I'm learning from the best in Stevie O'Neill: Cathal McShane
CATHAL McShane has praised the coaching “craft” of Stevie O’Neill after Tyrone rounded off their Division One campaign with a convincing win over Kerry.
McShane has been one of Tyrone’s leading lights this season and must be in line to seal one of the attacking berths in their Championship line-up.
The popular Owen Roes forward bagged three points from play in Tyrone’s five-point win over Kerry and says he’s learning a few tricks of the trade from the legendary O’Neill who joined Mickey Harte’s backroom team this season.
“Stevie has been there and done it,” said McShane.
“You can tell with the craft that he has and you can see how he was such an excellent footballer. It’s just different wee drills and bits of advice that always helps and we try to take that on board to make ourselves better.”
The 2015 U21 All-Ireland winner also insisted the Tyrone camp is unaffected by the critics who suggest the Red Hands must become more attack-minded to stand any chance of All-Ireland success.
“We just ignore that because we’re working on playing attacking football,” he said.
“Stevie O’Neill is in and we’re doing a lot of offensive drills to try and make that better. We are an attacking team and I think we did that [against Kerry].
“We’re trying to improve on our attacking football all the time.”
McShane burst onto the senior scene in the months after their U21 All-Ireland success. Over the last three seasons, though, he’s been in and out of the starting line-up but his performances this year suggest he has well and truly acclimatised to the senior ranks.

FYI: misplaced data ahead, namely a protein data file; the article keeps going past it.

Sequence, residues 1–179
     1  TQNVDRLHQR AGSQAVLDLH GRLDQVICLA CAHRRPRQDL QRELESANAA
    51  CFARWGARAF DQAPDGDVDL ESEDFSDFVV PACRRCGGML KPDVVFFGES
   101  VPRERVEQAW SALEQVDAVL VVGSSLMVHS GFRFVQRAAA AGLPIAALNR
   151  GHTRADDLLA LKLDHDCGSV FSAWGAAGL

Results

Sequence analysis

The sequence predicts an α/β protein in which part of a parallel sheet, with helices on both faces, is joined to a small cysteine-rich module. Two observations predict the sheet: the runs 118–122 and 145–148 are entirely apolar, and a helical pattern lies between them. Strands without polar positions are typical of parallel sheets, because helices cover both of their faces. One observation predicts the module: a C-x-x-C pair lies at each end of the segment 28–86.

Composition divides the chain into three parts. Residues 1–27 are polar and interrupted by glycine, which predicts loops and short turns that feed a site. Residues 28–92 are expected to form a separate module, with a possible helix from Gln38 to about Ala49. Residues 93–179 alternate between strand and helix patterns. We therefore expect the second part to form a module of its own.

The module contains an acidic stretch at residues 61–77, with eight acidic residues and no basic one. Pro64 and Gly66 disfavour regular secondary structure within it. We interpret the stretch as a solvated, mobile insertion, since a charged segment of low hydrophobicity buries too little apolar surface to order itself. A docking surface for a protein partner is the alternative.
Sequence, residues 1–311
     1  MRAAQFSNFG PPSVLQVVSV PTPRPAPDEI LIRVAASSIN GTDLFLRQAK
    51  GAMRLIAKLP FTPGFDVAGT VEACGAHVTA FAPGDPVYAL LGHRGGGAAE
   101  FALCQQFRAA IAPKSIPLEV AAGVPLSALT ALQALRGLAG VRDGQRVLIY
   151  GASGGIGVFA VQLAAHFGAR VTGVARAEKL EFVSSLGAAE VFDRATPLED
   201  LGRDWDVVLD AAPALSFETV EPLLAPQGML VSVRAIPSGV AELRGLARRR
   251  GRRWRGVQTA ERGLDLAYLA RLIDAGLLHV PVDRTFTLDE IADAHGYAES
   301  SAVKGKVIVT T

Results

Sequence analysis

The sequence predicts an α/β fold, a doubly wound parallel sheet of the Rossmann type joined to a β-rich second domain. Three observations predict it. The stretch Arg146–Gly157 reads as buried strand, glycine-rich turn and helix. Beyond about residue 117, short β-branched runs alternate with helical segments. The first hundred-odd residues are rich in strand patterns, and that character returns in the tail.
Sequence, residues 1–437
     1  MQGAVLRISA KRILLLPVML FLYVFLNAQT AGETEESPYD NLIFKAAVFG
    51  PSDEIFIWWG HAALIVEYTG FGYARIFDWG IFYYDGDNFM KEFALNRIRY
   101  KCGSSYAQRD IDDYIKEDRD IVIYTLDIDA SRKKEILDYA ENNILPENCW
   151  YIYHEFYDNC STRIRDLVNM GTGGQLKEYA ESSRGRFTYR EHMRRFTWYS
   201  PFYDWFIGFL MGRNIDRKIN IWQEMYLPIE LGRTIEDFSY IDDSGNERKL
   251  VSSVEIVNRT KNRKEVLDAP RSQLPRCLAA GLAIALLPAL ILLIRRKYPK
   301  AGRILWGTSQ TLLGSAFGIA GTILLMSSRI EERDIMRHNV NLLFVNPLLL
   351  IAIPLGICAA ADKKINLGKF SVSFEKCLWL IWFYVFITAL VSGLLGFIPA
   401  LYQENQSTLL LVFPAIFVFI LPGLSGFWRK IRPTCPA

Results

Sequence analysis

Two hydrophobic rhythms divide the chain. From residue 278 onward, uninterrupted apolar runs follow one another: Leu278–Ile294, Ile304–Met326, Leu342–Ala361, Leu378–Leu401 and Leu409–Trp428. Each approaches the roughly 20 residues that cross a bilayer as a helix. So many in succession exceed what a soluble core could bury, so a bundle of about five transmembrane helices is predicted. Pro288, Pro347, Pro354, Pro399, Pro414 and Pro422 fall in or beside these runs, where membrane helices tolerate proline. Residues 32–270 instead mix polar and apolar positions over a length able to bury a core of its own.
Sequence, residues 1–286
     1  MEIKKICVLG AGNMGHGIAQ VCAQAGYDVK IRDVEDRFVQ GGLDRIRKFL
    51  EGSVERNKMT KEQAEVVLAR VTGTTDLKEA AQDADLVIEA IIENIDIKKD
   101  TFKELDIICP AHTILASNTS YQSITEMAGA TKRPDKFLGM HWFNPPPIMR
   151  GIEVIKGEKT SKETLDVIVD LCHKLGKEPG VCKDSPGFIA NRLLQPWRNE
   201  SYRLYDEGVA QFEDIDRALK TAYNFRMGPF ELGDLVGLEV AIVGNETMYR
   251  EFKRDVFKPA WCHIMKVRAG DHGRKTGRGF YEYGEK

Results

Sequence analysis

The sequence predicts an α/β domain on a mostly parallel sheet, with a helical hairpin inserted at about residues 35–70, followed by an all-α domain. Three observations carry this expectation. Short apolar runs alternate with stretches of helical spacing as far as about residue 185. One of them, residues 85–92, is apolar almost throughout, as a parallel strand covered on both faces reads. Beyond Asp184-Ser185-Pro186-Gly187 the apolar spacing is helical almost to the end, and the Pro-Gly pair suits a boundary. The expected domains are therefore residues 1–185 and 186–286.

“The step up is massive. There’s a lot more craft involved [at senior level] and you have to learn to play the game the way the senior men do.
“At U21, we’d obviously a good year in our second last year and reached the Ulster final in our last year.
“There are a lot of men that have been there before and have the experience. You need a couple of years under your belt. You just have to keep working hard and earn your spot on the team.”
McShane is also feeling the benefits of being introduced to strength and conditioning programmes during his minor days and feels stronger for it.
“I mind back in the minors we had access to strength and conditioning training. You try your best to get your sessions in during the winter and you work really hard to allow yourself to perform to the best of your ability now.
“We’ve an excellent coach in there in Peter Donnelly and we have excellent programmes to make sure we’re doing all the right work. Obviously you need to be physical but you need to be able to cover the ground as well. It’s just hard work away from the field and then trying to carry it onto the field.”